In July 2018, 15 visually impaired runners were selected from among 25 to train for the half and the full marathon on Oct 21th at Bengaluru. We started taking the necessary steps in a jiffy like conducting their blood tests, their physical assessments, planning out their workout regimen and diet charts as per their report analyses. Me and Milind already knew their grit and after witnessing their enthusiasm and achievements and in early 2018 decided that the runners who complete the full marathon will be trained for the SOP run from Mysuru to Bengaluru which is roughly 145 km. What happened in the 6 months of training, is something I will treasure for a lifetime. The guide team and the doctors kept on their toes to make sure the runners complete the runs as per plan, free of any pain or injury. There were moments of fun, laughter, pain, difficulties.
The tough times always started from bringing the visually impaired to a central venue in the morning wee hours, three to four times a week.
It was astonishing to see how the girls and boys actively attended trainings and later then their office/college with the same amount of enthusiasm. On October 21, 2018, History was created as India Book of Records awarded a certificate to 23 year old visually impaired girl Suneetha N D, who became the first visually impaired girl in India to finish a full marathon (42.2km)
Overcoming every obstacle and difficulty my visually impaired athletes made it easily to the finishing venue on the said date and time, conquering 145 km in 3 days, and their ever shining smile which did not fade a single day of the run, was even more broad at the finish line.
I trusted the trainings, I trusted my guide runners and I trusted the strength of these 6 athletes. But all of our potential was really put to the test in these 3 days. The start went as planned… The flag off by Rajmata Pramoda Devi Wadiyar, the weather cooperated so well for us to maintain a good pace in the morning hours. On day 1 we covered a distance of 53 km though we had planned for 59. One of our athletes had a cramp in her leg and we had to wrap up early.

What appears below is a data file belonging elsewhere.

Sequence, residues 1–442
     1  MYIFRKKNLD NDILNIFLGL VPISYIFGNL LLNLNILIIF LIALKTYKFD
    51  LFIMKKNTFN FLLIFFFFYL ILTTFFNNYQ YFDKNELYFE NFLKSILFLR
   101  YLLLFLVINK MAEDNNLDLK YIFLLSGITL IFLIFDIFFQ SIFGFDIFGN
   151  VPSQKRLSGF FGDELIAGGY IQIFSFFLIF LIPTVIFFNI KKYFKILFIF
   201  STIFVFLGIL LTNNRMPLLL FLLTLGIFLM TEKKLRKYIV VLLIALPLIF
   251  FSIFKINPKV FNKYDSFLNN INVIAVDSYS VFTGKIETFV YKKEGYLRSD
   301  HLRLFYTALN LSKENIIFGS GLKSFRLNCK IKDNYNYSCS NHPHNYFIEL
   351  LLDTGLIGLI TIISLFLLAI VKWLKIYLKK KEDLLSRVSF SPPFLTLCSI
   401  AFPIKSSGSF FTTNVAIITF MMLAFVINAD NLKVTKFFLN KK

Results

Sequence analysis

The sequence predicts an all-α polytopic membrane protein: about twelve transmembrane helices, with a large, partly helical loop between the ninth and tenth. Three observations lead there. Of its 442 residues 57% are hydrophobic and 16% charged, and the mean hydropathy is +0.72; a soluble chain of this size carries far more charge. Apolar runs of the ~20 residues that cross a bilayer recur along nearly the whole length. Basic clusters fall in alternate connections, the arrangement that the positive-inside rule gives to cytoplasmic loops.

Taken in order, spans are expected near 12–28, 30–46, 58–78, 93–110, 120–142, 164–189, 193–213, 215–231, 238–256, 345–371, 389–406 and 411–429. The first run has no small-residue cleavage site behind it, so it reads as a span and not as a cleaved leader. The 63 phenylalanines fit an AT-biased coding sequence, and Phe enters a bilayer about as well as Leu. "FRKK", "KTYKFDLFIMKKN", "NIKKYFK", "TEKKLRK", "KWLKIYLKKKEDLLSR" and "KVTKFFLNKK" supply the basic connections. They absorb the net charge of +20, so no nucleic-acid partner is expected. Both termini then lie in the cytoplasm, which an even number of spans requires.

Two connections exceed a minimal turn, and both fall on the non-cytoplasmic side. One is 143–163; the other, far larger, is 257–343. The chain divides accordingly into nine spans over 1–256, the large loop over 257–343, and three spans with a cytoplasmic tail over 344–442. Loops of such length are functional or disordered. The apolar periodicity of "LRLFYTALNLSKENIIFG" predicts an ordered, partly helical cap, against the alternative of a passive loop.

The challenge was tough on the next day to finish the target as well as those 6 km of the previous day.
But my trust on the team really paid off the next day when they showed outstanding strength and finished 57 km. Every 2-3 hrs during the course, we had physiotherapy stretching, which kept us going. I was beginning to develop shin pain on the right leg with some swelling, but it healed with regular icing. And final day it became very easy since all had the curiosity to reach finish line and welcome party! I was so overwhelmed at the love that people have us enroute.
The Pinkathon training girls joining to cheer enroute, felicitations by Paralympic committee and Prerna trust for blind, the media coverage, the Doordarshan coverage, Felicitation by Bengaluru University Vice chancellor, the 3 days was full with events and we felt very pampered by the attention.
The entire group was so chirpy, so cooperative , so helpful for these 3 days that it made tough times so easy going. This was the first ultra run for me and my entire team of Visually impaired and guide runners and I am glad we finished it successfully with the help of structured training and team work!
There were a lot many write ups, news articles, videos and interviews posted on various platforms about this event which happened from 23rd to 25th January 2019.I was stupefied by the tremendous love and appreciation by the country. Karnataka Olympic Association for the reward and the department of youth services rewarded the athletes at the finish line!
And thank you Pinkathon and Milind Soman for a grand commendation. Their generous gesture will be a prime motivation not only for them but also for numerous athletes pursuing their dreams in sports.